The principal purpose of a flower is the reproduction of the individual and the species. All flowering plants are heterosporous, that is, every individual plant produces two types of spores. Microspores are produced by meiosis inside anthers and megaspores are produced inside ovules that are within an ovary. Anthers typically consist of four microsporangia and an ovule is an integumented megasporangium. Both types of spores develop into gametophytes inside sporangia. As with all heterosporous plants, the gametophytes also develop inside the spores, i. e., they are endosporic.
In the majority of plant species, individual flowers have both functional carpels and stamens. Botanists describe these flowers as “perfect” or “bisexual”, and the species as “hermaphroditic”. In a minority of plant species, their flowers lack one or the other reproductive organ and are described as “imperfect” or “unisexual”. If the individual plants of a species each have unisexual flowers of both sexes then the species is “monoecious”. Alternatively, if each individual plant has only unisexual flowers of the same sex then the species is “dioecious”.
Floral Specialization and Pollination
Flowering plants usually face selective pressure to optimize the transfer of their pollen, and this is typically reflected in the morphology of the flowers and the behaviour of the plants. Pollen may be transferred between plants via a number of ‘vectors’. Some plants make use of abiotic vectors — namely wind (anemophily) or, much less commonly, water (hydrophily). Others use biotic vectors including insects (entomophily), birds (ornithophily), bats (chiropterophily) or other animals. Some plants make use of multiple vectors, but many are highly specialised.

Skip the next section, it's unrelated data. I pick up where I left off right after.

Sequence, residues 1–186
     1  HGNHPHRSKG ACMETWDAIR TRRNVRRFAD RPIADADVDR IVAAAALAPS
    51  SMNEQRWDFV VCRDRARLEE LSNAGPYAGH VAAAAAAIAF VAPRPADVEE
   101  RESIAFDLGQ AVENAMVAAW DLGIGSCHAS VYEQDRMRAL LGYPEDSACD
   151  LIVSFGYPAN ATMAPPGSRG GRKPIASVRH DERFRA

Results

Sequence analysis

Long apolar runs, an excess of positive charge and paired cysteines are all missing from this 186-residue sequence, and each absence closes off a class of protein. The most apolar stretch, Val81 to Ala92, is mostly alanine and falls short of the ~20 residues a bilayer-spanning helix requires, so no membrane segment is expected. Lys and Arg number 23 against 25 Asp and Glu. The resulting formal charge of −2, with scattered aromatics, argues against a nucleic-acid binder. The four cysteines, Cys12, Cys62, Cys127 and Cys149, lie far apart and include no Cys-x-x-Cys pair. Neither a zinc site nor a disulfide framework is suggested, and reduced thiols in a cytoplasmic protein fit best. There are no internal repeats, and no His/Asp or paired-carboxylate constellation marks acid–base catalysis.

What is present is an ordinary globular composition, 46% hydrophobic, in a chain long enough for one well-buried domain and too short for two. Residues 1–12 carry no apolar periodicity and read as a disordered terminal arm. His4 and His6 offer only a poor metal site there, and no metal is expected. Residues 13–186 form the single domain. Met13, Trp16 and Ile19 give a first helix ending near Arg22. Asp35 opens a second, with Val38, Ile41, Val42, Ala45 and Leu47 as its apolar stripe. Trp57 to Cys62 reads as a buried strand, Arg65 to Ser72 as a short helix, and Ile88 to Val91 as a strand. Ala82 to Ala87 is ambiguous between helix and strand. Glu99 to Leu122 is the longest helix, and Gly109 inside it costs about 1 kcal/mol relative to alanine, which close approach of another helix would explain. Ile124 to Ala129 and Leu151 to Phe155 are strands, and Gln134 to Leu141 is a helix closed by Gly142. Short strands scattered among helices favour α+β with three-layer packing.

Cleistogamous flowers are self-pollinated, after which they may or may not open. Many Viola and some Salvia species are known to have these types of flowers.
The flowers of plants that make use of biotic pollen vectors commonly have glands called nectaries that act as an incentive for animals to visit the flower. Some flowers have patterns, called nectar guides, that show pollinators where to look for nectar. Flowers also attract pollinators by scent and color. Still other flowers use mimicry to attract pollinators. Some species of orchids, for example, produce flowers resembling female bees in color, shape, and scent. Flowers are also specialized in shape and have an arrangement of the stamens that ensures that pollen grains are transferred to the bodies of the pollinator when it lands in search of its attractant (such as nectar, pollen, or a mate). In pursuing this attractant from many flowers of the same species, the pollinator transfers pollen to the stigmas—arranged with equally pointed precision—of all of the flowers it visits.
Anemophilous flowers use the wind to move pollen from one flower to the next. Examples include grasses, birch trees, ragweed and maples. They have no need to attract pollinators and therefore tend not to be “showy” flowers. Male and female reproductive organs are generally found in separate flowers, the male flowers having a number of long filaments terminating in exposed stamens, and the female flowers having long, feather-like stigmas. Whereas the pollen of animal-pollinated flowers tends to be large-grained, sticky, and rich in protein (another “reward” for pollinators), anemophilous flower pollen is usually small-grained, very light, and of little nutritional value to animals.